Thursday, December 06, 2018

Remembering Linton Weeks: Librarian Who Decolonized the Way Books Were Catalogued

The hedonist and the artist. If excess often accompanies creativity, why do so many artists seek asceticism   Artists and creativity 

Robot Janitors Are Coming To Mop Floors At a Walmart Near You Bloomberg

Farrell, Henry John and Schneier, Bruce, Common-Knowledge Attacks on Democracy (October 2018). Berkman Klein Center Research Publication No. 2018-7. Available at SSRN: or /a> “Existing approaches to cybersecurity emphasize either international state-to-state logics (such as deterrence theory) or the integrity of individual information systems. Neither provides a good understanding of new “soft cyber” […]

Russell Cope | Australian Library and Information Association

POP 20-The Future of Parliaments and Their Libraries 

Remembering Linton Weeks: Librarian Who Decolonized the Way Books Were Catalogued - Smithsonian Magazine – Dorothy Porter challenged the racial bias in the Dewey Decimal System, putting black scholars alongside white colleagues

“In a 1995 interview with Linton Weeks of the Washington Post, the Howard University librarian, collector and self-described “bibliomaniac” Dorothy Porter reflected on the focus of her 43-year career: “The only rewarding thing for me is to bring to light information that no one knows. What’s the point of rehashing the same old thing?” For Porter, this mission involved not only collecting and preserving a wide range of materials related to the global black experience, but also addressing how these works demanded new and specific qualitative and quantitative approaches in order to collect, assess, and catalog them…All of the libraries that Porter consulted for guidance relied on the Dewey Decimal Classification. “Now in [that] system, they had one number—326—that meant slavery, and they had one other number—325, as I recall it—that meant colonization,” she explained in her oral history. In many “white libraries,” she continued, “every book, whether it was a book of poems by James Weldon Johnson, who everyone knew was a black poet, went under 325. And that was stupid to me.”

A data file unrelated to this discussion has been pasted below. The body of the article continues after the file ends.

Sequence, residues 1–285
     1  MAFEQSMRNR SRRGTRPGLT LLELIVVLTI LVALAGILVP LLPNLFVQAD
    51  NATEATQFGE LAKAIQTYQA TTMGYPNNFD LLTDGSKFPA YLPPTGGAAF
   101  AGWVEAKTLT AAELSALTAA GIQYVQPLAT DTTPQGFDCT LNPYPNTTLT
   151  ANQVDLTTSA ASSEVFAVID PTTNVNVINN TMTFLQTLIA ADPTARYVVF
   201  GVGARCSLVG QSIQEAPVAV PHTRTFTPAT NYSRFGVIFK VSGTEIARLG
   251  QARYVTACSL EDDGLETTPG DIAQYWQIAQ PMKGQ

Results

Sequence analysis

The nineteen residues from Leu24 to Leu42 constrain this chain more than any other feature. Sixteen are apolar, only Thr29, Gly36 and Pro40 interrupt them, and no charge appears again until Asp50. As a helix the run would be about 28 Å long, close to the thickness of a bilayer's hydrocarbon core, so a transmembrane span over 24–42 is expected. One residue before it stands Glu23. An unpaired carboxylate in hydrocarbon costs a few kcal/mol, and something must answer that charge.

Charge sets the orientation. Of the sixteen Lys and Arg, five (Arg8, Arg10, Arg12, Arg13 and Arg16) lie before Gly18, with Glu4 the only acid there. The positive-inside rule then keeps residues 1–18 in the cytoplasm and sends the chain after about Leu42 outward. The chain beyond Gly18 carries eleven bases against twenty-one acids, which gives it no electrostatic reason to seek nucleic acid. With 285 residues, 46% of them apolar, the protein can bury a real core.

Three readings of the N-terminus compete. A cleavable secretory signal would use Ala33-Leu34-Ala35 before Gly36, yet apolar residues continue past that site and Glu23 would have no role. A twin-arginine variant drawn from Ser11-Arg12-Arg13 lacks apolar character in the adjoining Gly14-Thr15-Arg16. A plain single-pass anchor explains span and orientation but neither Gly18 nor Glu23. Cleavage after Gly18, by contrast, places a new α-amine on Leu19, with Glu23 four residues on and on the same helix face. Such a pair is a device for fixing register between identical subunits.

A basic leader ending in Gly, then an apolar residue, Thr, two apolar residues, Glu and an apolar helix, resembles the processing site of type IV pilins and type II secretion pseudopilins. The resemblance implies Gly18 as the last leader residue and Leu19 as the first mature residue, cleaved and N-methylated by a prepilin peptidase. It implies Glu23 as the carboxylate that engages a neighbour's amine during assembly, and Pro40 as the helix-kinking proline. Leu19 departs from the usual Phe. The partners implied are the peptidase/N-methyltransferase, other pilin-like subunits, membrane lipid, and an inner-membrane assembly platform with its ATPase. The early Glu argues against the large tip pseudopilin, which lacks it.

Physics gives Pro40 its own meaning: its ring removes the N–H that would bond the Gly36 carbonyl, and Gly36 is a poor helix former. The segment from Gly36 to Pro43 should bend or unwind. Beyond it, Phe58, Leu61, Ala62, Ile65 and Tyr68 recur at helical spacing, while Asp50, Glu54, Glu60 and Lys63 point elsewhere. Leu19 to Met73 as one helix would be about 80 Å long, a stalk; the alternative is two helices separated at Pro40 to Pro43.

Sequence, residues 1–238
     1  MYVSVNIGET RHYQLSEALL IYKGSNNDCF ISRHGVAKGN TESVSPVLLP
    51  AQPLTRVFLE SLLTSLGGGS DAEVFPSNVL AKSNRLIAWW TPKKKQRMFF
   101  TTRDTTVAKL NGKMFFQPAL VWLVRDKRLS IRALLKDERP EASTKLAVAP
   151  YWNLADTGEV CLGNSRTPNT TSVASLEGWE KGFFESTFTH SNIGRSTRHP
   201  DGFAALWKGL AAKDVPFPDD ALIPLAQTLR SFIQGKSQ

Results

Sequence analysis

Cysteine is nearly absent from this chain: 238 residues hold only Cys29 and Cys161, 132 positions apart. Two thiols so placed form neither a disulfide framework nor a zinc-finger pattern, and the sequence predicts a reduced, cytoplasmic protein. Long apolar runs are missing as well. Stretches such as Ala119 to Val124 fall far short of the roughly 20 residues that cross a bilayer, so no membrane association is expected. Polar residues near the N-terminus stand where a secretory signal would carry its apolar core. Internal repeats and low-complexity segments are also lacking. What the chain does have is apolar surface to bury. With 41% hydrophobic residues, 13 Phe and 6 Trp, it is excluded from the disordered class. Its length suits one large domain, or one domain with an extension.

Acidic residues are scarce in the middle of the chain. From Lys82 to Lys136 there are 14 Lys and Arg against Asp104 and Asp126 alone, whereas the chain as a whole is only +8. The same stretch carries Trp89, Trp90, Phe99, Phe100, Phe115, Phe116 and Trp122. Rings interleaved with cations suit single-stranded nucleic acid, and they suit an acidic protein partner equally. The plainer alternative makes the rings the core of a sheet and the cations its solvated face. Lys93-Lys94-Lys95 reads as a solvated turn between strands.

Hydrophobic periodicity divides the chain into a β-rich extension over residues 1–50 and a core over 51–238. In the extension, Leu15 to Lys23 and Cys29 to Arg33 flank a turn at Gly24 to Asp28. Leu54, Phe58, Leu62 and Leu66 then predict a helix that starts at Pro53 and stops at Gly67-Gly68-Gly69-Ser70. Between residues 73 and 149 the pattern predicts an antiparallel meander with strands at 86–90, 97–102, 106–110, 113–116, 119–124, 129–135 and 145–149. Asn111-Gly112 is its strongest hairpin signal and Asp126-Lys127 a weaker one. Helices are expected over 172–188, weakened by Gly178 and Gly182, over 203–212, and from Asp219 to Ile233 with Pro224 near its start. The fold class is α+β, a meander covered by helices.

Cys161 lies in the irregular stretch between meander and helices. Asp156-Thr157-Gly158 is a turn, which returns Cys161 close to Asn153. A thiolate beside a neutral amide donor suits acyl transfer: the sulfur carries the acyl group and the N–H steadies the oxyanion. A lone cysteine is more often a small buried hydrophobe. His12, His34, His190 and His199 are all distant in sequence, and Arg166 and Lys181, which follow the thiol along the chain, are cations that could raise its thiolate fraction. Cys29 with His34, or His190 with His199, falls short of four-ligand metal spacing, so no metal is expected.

Consequently, instead of using the Dewey system, Porter classified works by genre and author to highlight the foundational role of black people in all subject areas, which she identified as art, anthropology, communications, demography, economics, education, geography, history, health, international relations, linguistics, literature, medicine, music, political science, sociology, sports, and religion. This Africana approach to cataloging was very much in line with the priorities of the Harlem Renaissance, as described by Howard University professor Alain Locke in his period-defining essay of 1925, “Enter the New Negro.” Heralding the death of the “Old Negro” as an object of study and a problem for whites to manage, Locke proclaimed, “It is time to scrap the fictions, garret the bogeys and settle down to a realistic facing of facts.” Scholarship from a black perspective, Locke argued, would combat racist stereotypes and false narratives while celebrating the advent of black self-representation in art and politics. Porter’s classification system challenged racism where it was produced by centering work by and about black people within scholarly conversations around the world…”